Newly elected New York City mayor Bill de Blasio chose to hold his election party on Tuesday night at the Fourteenth Regiment Armory, a block-long, castle-like structure, which is just a few blocks from his home in Park Slope, Brooklyn. There was a certain irony in this tall man, said to be the city’s first populist mayor-elect in several generations, holding his victory party in a city armory, which were constructed in the late 19th and early 20th century for a very unpopulist mission: quelling civil unrest, or crowd control.
On the stage, with his African-American wife and children by his side and a phalanx of appropriately diverse New Yorkers placed on bleachers as a backdrop behind him, he did not flinch from his campaign theme of “a tale of two cities.”
“Inequality is the defining challenge of our time,” de Blasio said. A person’s fate should be determined by their talents, “not their zip code.”
It was a change in rhetoric from the billionaire mayor Michael Bloomberg, who was unapologetically pro-rich, even while he also arguably improved the city for everyone with programs like bike sharing, more affordable housing, cleaner streets and new libraries and schools. The murder and overall crime rate continued to decline, particularly in the poorest neighborhoods, while resentment against Bloomberg’s “stop and frisk”policies grew.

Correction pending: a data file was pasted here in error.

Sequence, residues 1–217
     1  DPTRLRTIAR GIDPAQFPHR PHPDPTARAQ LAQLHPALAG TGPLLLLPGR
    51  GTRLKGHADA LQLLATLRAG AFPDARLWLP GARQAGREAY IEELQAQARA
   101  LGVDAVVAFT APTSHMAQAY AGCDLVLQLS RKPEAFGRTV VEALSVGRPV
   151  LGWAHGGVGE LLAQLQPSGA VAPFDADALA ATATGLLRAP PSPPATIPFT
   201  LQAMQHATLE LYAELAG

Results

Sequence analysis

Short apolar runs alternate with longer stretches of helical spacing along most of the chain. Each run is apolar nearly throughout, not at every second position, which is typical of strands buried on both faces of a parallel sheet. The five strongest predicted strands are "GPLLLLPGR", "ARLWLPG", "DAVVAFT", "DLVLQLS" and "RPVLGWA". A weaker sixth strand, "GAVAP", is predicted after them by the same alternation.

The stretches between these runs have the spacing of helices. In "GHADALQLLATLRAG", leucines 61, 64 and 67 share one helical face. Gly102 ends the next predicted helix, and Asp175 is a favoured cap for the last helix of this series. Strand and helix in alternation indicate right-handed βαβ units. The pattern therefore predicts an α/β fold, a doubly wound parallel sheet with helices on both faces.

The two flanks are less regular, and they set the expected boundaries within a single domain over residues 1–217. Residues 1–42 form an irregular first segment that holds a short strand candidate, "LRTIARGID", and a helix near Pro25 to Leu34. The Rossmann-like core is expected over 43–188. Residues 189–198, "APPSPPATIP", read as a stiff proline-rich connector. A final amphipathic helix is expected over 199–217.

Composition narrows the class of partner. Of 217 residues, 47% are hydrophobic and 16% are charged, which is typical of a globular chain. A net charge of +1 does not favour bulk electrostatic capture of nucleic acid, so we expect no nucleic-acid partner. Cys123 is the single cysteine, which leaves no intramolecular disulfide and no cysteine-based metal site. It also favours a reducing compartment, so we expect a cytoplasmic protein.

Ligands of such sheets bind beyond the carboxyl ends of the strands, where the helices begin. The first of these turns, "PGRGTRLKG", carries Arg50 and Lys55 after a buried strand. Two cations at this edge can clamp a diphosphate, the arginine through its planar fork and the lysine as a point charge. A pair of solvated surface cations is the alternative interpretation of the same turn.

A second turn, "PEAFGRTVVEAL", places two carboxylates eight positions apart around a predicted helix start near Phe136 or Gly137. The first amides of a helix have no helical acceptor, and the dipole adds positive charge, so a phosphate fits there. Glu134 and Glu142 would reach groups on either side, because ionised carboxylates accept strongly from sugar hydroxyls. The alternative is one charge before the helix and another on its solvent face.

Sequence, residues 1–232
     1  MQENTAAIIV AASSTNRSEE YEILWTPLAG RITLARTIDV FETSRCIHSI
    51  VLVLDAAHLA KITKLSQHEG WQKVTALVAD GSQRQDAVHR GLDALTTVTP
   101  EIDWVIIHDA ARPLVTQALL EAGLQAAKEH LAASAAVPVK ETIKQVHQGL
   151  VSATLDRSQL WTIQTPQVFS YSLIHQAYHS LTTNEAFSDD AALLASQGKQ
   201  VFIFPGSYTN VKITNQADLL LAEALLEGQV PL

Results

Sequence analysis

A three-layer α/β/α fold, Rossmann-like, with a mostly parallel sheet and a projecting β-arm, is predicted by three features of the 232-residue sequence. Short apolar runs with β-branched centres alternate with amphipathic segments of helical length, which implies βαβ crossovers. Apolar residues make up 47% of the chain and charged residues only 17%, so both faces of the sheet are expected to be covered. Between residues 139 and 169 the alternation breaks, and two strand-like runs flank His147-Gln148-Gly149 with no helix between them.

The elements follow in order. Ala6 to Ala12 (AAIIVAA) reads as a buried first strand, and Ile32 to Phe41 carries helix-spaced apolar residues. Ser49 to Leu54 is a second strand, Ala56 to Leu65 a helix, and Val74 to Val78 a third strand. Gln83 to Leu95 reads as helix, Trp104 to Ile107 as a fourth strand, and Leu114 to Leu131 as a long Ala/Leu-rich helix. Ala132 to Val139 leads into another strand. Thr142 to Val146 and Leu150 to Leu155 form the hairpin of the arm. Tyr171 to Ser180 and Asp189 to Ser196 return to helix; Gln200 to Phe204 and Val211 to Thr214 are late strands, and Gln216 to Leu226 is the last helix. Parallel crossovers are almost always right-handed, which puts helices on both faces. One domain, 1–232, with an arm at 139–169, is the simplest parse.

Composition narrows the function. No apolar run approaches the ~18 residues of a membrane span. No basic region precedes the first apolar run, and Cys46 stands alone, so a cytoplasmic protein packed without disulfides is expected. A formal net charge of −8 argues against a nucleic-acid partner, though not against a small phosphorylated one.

De Blasio is talking about turning around a city that he says principally serves the rich, into one that serves everyone. He says he does not want to suppress the masses, but empower them.
With his populist rhetoric, de Blasio is walking a fine line. Joe Llota, de Blasio’s Republican opponent, hinted that the Democratic candidate, the first elected in 20 years, would return the city to its unruly past, when squeegee men ruled the traffic lights, and cars routinely had signs saying “no radio inside,” to alert thieves to other targets. The city’s history, as the story of the city's armories show, has seesawed between empowering the masses and controlling them.
De Blasio marks the return of New York city to the messy world of democracy, where candidates vie for contributions, interest groups for favors and allies for jobs. Bloomberg, a self-made billionaire, could ignore all that. He financed his own campaigns, and didn’t have to give a job to anyone. Can de Blasio satisfy some of these demands, even while keeping a Bloombergian eye on policies and principles? Certainly the common analysis of New York’s troubles in the 1970s was that it gave in too easily to interest-group politics.
Overall, the city is prospering and changing. The rise of wealthy Brooklyn, yet with overtones of bohemia as seen in HBO shows like Girls, shows the strange city de Blasio is leading. Many of the city’s traditionally poorer neighborhoods have cleaner streets, and rising property values and populations. Yet a substantial portion of the city’s 8.5 million people make less than $10,000 a year, according to official statistics. They are left out in ways probably hard for most of us to imagine.
How deep the feelings run on these issues is hard to guess. At the armory Tuesday night, the crowd was more polite than passionate. The cheers were measured. Perhaps campaigns have become so virtual, that physical gatherings are an afterthought.
One man who stood calmly watching goings on said he took satisfaction in being an early supporter.
“It’s always good to come from last place to first place,” said William Rivera, an aide to a state senator who endorsed the come-from-behind de Blasio early on. “The people who were first supporting de Blasio would have fit in an elevator.”